About the Project
Garner, S. 'Towards a Critical Discourse in Drawing Research' in S. Garner (ed.) Writing On Drawing: Essays on Drawing Practice and Research, Bristol: Intellect, 2008, pp 15- 26.
Can these methods and resultant images make visible otherwise hidden interdisciplinary connections?
Can this approach to studio practice be documented in such a way to develop and communicate a transferable model for interdisciplinary studio practice?
Thursday, 12 November 2009
Sunday, 1 November 2009
Instead the form itself had some interest - its wrinkled texture, orificed appearing to reference the body directly ( more so than a garment might) - a gullet, vagina or venal structure perhaps?
Wednesday, 30 September 2009
The work engages with technologies on various levels: being both derived from the deconstruction of technological processes and then relying on other appropriated technologies for its visibility. This positions the work in a complex and critical position vis-a-vis this imaging technology, as tensions between concealment and revelation begin to surface: in the process of revealing the image, the projector simultaneously obscures the original infinitesimal etched marks. Imagery is derived from traces of human presence. The “Findings” series depicts personal items found abandoned in the city. Layered up, marks cohere into a single image, but fragmented, tenuous, occupying an ambiguous space, physically and conceptually echoing the social limbo in which these objects exist.
This series of projections was made specifically for the A Thing About Machines Festival, exhibited in the Herbert Art Gallery, Coventry.
Facsimiles are a series of drawings of found objects worked on discarded fax paper which explore the liminal space that we call ‘lost’: a place between loser and finder, a territory charted only by the object establishing a distant connection between two unknown individuals.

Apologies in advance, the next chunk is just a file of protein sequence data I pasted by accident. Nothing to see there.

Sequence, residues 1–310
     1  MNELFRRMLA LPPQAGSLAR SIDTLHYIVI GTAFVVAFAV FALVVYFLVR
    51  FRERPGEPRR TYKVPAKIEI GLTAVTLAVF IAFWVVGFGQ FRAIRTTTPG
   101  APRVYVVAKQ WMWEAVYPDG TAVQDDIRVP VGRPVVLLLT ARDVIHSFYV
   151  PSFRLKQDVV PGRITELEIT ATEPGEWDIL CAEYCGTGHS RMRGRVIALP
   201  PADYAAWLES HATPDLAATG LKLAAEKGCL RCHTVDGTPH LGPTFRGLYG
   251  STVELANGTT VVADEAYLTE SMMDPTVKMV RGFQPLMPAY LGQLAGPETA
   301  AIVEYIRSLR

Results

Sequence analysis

This idea is approached through an appropriation of the technology of the fax: a long distance communication lacking direct contact between its users. This sense of the unseen informs the drawing process: worked in white ink on the white heat-sensitive fax paper, the drawing is invisible in the making, revealed only though a final exposure to heat; a blindness which resonates with the faxing process: the sender cannot see the output.
The images themselves appear as ghostly scans, built up through an intensive scrutiny which results in an obsessive scrawling mark like an indecipherable handwriting, suggesting a sense of intimacy through this somewhat futile attempt to uncover hidden narratives. The drawings begin to appear more like treasured letters, rather than the impersonal output of the fax as the intensity of the working process leaves the careworn traces of human handling.
In this way, the ‘drawn’ mark does not replicate that of the machine, but more situates itself inside the framework of technology and appropriates its means for its own ends.
Monday, 14 September 2009
Wednesday, 2 September 2009
More thoughts around the capacity for light to reveal otherwise hidden or unknown information, follwing inesigation into ultrasound and x-ray technologies. Forms evolved from cast shadows of familiar objects illuminted by torchlight, emerging as unfathomable forms strangley reminiscent of deep sea life- in itself - hidden, and barely within the grasp of human knowledge.
Tuesday, 1 September 2009
Tuesday, 28 July 2009
I recently came accoss a set of victorian microscope slides at a flea market and was instantly hooked. I was partiularly fascinated by their sense of preservation within a visibly ageing form ( the glue used to fix the slide covered had yellowed and cracked. Presumably collected by an amateaur naturalist, the slides have sample ranging from rock fragments to the head of a blowfly ( pictured above).
Viewed through the microscope not only is the intended speciment revealed, but also the aging and flaws of the preparation.
The samples pictured appear to have a paper like consistency, reminiscent of old envelopes of pressed flowers - the stuff of memoried preserved for a later date the forgotten.
Monday, 13 July 2009
Monday, 6 July 2009
Saturday, 27 June 2009
This new direction of the work stemmed from a desire to interrogate scale - it is scale that made the Patina works so particularly effective - and intricacy.
Returning to notes gathered in the medical case study visits, I began to reflect more closely on the processes of magnification, of microscopy to make the invisible visble.
This image draws on several sources :
- Robert Hooke's Micrographia (1665) , scrutinising his images- how has he depicted the invisible/ minute?
archaeological scrunity - sytematic recording of detail